WCC will hold its annual Ecumenical Continuing Formation (ECF) on young people with a
focus on Transformative Masculinity and Femininity in the Pacific region. The Pacific Council of Churches (PCC) has
identified the following concerns among young people in the region: climate justice, mental health, unemployment,
and gender-based violence. In-line with the WCC pilgrimage of justice and peace theme for its 2020 Pacific regional
focus of ‘Climate Justice and Nuclear Disarmament’, the ECF has a specific emphasis on the impacts of climate change
on mental health, in relation to the overall theme. This joint event plans to engage 30 young people from the Pacific
and around the world to go deeper on the topic of transformative masculinity and femininity in the Pacific.
The youth participants are expected to produce a Call to Action statement from the seminar, which will be
shared within and outside the WCC network.

WCC Programmes

On International Human Rights Day, WCC’s work is ever-present

On International Human Rights Day, observed on 10 December each year, the World Council of Churches (WCC) is not only commemorating the day but actively continuing its human rights work on many levels. For more than 70 years, the WCC has supported member churches and partners from many countries and contexts as they work to support their governments in making human rights a reality for all.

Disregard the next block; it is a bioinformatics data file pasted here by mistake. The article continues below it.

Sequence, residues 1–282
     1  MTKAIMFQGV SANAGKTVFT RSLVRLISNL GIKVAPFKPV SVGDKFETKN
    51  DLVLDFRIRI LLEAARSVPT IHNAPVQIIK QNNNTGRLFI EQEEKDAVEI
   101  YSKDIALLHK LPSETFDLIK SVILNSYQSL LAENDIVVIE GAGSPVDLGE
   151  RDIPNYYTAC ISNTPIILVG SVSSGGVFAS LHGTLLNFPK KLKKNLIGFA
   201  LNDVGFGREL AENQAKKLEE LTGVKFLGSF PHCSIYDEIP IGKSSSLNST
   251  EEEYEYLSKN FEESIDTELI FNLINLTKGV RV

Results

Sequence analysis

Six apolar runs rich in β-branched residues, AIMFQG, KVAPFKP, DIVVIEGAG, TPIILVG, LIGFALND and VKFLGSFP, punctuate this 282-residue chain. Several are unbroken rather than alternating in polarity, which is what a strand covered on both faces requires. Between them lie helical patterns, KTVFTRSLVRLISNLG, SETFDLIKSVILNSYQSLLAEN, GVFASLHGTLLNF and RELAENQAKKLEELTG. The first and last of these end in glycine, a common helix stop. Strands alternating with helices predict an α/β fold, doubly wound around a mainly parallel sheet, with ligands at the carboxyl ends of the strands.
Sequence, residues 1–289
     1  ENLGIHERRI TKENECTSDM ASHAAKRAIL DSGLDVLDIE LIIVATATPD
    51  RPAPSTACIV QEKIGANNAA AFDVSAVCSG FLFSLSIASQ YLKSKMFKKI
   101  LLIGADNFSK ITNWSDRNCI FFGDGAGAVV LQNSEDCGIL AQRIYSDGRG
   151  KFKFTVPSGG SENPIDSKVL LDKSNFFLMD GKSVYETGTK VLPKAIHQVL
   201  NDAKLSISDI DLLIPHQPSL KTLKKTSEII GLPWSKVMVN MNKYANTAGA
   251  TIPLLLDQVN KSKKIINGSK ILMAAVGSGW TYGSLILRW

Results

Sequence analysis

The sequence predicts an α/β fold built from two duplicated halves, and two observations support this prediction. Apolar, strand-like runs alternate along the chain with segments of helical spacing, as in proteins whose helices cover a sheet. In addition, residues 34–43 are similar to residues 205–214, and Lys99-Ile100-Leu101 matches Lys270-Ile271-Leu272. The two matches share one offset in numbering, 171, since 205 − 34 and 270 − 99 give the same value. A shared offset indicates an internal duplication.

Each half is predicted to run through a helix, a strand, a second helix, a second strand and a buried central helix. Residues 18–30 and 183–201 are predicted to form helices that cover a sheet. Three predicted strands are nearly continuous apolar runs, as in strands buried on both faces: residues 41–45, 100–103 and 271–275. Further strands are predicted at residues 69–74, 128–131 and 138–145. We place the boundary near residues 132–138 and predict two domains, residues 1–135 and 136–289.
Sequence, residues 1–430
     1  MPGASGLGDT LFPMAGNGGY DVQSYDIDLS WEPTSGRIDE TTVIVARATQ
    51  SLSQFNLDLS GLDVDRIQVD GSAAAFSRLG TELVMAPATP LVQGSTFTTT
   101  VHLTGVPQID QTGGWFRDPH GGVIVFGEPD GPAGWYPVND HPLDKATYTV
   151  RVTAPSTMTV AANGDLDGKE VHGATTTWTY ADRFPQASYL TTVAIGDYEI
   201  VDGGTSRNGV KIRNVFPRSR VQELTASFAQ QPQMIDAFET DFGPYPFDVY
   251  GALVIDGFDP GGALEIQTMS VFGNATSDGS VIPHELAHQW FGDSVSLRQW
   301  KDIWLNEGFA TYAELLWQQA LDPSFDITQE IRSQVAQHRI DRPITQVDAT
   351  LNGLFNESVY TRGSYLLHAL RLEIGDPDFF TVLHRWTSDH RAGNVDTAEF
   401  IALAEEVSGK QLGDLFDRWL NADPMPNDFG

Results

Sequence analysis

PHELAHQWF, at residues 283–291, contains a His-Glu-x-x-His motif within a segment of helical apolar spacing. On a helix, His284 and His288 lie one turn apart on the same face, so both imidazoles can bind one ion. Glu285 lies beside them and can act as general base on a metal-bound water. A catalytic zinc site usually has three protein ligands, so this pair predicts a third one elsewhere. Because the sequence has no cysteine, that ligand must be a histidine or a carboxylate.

WCC pressing ahead with disarmament work

The work of the World Council of Churches (WCC) related to disarmament continues to endure and expand, even as the world faces increasing injustice and tensions that threaten peace on a daily basis.

Religions for Peace calls for "shared well-being”

In a declaration on 23 August, the 10th World Assembly of Religions for Peace called for caring for our common future and advancing shared well-being. The assembly, held in Lindau, Germany, drew 900 people from 125 countries.

The voice of young people at the Human Rights Council

Virag Kinga Mezei is a Hungarian intern for the World Council of Churches (WCC) Commission of the Churches on International Affairs. With a passion for human rights, she regularly engages in discussions while also getting training through the WCC on mechanisms that lead to the achievement of racial and social justice.

At Human Rights Council, WCC advocates for human dignity

The World Council of Churches (WCC) made a positive impact at the 41st session of the United Nations Human Rights Council, held 24 June through 12 July.

The WCC has a long history of engagement with the United Nations human rights system, in witnessing and advocating for human dignity and justice on behalf of the worldwide ecumenical movement.

WCC celebrates life of Archbishop John Habgood

Archbishop of York John Habgood, a member of the World Council of Churches (WCC) Central Committee from 1983 to 1991 and moderator of Church and Society from 1983 to 1990, died on 6 March at the age of 91. A scientist and philosopher, Habgood was regarded as one of the most outspoken clerics of his time.